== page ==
A tenant is not normally responsible for the death of living plants, and would not be expected to replace bedding plants. However, if their specific action has caused the damage, this may be considered excessive wear and tear, e.g. dead areas of lawn caused by sheds, damage caused by play equipment and trampolines.

Normal weather soiling to paths, patios etc is considered fair wear and tear, including marks left by planters on paving – unless the landlord has evidence that these areas were professionally jet washed prior to the tenancy. The tenant should ensure, however, that paths and patios are swept, and furniture cleaned.

Damage by Natural Forces

There are numerous factors that need to be considered. Examples of what would be
considered fair wear and tear include:

The effect of sunlight(UV) on curtains and carpets causing fading, discolouration, and in some instances, resulting in fibres disintegrating. On furniture there could be fading, especially if smaller items, such as mats, are left on surfaces. Net curtains and conservatory blinds discolour and rot as they are often subjected to intense uv light.
Storm damage to structures would not normally be considered the tenants responsibility. However, the ingress of water will cause significant problems. Tenants are expected to report such damage to enable it to be dealt with swiftly.
Weathering of external surfaces:- Garden furniture, especially wooden, and fencing rot. However, this is considered fair wear and tear, and a maintenance issue for the owner.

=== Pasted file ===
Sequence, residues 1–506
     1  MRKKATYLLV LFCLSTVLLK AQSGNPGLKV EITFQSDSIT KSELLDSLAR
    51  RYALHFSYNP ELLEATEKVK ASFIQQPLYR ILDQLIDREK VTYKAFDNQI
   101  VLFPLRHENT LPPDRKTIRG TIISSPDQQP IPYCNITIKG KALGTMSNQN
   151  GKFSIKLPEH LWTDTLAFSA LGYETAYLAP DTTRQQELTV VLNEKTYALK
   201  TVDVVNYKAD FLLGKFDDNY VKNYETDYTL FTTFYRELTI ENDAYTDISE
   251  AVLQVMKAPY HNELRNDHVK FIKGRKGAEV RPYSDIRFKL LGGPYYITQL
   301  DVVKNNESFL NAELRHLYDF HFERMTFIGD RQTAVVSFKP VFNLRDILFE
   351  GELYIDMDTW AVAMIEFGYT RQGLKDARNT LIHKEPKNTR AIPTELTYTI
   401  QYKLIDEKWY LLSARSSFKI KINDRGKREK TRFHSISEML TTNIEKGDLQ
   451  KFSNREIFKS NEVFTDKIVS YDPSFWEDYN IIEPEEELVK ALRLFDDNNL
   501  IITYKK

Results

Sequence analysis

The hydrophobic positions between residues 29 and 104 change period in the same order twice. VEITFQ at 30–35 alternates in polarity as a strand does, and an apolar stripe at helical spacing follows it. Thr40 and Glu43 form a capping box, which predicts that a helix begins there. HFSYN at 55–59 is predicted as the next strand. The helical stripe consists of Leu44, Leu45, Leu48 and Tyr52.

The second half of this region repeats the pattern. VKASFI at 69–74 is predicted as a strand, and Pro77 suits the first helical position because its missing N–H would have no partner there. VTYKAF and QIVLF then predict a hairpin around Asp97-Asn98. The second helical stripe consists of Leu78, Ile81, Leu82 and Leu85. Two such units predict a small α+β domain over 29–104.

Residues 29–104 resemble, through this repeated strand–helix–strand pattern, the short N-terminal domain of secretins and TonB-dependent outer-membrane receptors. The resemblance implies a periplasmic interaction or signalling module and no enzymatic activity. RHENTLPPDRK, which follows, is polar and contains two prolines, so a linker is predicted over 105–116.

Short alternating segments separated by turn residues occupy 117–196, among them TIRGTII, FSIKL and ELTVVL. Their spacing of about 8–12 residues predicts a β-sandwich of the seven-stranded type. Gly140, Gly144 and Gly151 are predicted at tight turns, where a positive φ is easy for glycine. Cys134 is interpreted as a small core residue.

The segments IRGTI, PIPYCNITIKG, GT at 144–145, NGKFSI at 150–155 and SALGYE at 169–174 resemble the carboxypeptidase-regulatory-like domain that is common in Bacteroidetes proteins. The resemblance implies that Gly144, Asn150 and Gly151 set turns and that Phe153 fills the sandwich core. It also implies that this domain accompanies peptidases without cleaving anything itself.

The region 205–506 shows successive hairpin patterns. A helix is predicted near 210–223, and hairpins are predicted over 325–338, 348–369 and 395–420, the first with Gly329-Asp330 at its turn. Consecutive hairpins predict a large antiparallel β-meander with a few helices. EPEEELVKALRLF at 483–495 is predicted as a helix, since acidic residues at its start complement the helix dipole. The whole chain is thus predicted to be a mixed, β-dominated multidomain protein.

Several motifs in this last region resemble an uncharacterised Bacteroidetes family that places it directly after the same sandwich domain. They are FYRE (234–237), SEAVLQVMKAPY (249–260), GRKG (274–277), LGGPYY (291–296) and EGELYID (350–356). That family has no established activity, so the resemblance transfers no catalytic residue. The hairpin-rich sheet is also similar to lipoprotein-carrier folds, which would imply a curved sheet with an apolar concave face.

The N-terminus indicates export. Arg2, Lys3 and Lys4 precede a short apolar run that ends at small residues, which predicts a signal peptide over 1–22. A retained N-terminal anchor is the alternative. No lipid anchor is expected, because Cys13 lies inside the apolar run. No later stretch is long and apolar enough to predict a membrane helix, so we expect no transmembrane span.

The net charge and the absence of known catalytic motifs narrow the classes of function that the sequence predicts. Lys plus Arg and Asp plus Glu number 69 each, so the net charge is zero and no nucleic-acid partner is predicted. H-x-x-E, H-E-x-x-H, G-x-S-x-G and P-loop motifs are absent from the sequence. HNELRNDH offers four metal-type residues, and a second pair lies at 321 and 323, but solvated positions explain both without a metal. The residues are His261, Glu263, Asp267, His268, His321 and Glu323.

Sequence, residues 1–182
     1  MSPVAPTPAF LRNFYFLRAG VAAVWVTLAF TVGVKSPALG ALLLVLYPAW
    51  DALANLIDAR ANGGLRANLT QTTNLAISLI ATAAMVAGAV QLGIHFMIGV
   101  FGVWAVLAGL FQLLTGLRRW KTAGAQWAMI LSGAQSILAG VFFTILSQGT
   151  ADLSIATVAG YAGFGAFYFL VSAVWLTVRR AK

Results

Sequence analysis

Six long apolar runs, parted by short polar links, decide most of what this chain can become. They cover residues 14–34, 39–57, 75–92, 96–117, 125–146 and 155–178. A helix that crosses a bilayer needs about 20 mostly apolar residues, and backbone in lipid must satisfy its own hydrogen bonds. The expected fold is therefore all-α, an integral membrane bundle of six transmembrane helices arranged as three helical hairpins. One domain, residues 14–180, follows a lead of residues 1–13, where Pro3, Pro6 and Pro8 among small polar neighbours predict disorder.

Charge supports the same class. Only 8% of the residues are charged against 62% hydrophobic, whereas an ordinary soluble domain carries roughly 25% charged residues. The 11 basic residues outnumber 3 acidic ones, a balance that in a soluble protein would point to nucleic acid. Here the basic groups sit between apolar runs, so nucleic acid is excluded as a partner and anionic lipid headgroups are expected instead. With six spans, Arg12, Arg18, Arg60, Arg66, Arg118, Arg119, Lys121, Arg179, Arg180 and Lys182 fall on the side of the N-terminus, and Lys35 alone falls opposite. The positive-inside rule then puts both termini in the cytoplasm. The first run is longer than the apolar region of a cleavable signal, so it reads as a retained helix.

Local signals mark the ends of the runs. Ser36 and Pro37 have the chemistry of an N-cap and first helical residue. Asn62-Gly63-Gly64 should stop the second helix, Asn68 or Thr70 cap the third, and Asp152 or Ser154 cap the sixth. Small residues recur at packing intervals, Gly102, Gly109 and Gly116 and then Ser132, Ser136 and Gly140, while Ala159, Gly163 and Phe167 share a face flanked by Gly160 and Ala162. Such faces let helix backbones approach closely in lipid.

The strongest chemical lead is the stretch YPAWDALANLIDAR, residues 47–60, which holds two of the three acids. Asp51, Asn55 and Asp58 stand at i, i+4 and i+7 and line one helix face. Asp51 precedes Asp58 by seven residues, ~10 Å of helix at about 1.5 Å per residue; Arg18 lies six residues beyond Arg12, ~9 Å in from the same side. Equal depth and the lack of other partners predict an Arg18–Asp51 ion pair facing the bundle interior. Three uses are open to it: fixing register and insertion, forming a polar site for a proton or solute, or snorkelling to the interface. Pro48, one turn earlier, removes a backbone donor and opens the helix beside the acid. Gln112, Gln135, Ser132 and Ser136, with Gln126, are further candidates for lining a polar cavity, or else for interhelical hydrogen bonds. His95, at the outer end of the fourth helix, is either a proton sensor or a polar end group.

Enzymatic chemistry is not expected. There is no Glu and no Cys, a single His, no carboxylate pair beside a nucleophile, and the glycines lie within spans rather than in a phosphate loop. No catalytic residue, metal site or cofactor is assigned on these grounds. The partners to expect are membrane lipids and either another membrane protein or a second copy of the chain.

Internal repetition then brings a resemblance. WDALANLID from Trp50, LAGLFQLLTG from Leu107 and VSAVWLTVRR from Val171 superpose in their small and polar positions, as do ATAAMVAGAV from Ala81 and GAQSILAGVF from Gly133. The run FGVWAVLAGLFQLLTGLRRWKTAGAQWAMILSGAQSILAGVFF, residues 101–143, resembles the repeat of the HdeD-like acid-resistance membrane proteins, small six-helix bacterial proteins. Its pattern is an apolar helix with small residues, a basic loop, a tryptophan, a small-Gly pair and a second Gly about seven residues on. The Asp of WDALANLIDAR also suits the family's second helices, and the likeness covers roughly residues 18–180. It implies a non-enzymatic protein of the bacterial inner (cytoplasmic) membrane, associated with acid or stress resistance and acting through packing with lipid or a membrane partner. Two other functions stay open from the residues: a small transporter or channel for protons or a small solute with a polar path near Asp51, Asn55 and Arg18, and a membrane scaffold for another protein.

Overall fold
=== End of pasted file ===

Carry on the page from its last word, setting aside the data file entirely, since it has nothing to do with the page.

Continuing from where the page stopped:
Condensation and Damp

This is a very problematic area, and a number of factors need to be considered before assessing whether mould staining caused by condensation is fair wear and tear or not. In normal circumstances if the landlord has provided working extractor fans, air vents and adequate clothes drying facilities the tenant would be expected to use them. If there is evidence that they have not been used mould damage would be considered to be excessive wear and tear.

A landlord cannot expect a tenant to ventilate a property if he has not provided adequate means of ventilation. It is unreasonable to expect tenants to keep windows open all the time to ventilate a property. This can raise insurance, safety and security, and energy conservation issues.
However, live mould is considered to be a cleaning issue and therefore chargeable to the tenant. They are expected to clean mouldy surfaces, but residual staining would be considered

Fair Wear and Tear

If a working fan is fitted, then staining would be considered chargeable to the tenant. If there is no fan fitted it would be fair wear and tear. However, the tenant would be expected to clean any live mould off.


Some of the most common methods available to landlords for dealing with damage or decrease in value are:

  • Replacement of an item damaged beyond use or economic repair
  • Repair
  • Cleaning
  • Compensation when the value of an item had decreased more rapidly than would be normal


It is important to note that the landlord or agent has a duty to adopt the most reasonable and practical remedy.

A simple example

At the start of the tenancy, the inventory notes that the carpet in the lounge has not been freshly cleaned and has a few spot marks. At the end of the tenancy, the Check-out report notes the carpet as soiled.

In this scenario, the landlord should not be entitled to full compensation for the carpet cleaning costs. A fair solution would be for the tenant to pay a percentage of the cleaning costs, which would be calculated by the inventory clerk using the techniques outlined above.

An example from the TDS

The TDS publish a monthly Adjudication Digest. In February 2016, they highlighted a case where the landlord and tenant were in dispute over damage to an cast iron bath. Here is the report, which is well worth reading:
Chips in the bath – repair or replace?

This document is a guide only and is formulated in accordance with AIIC guidelines.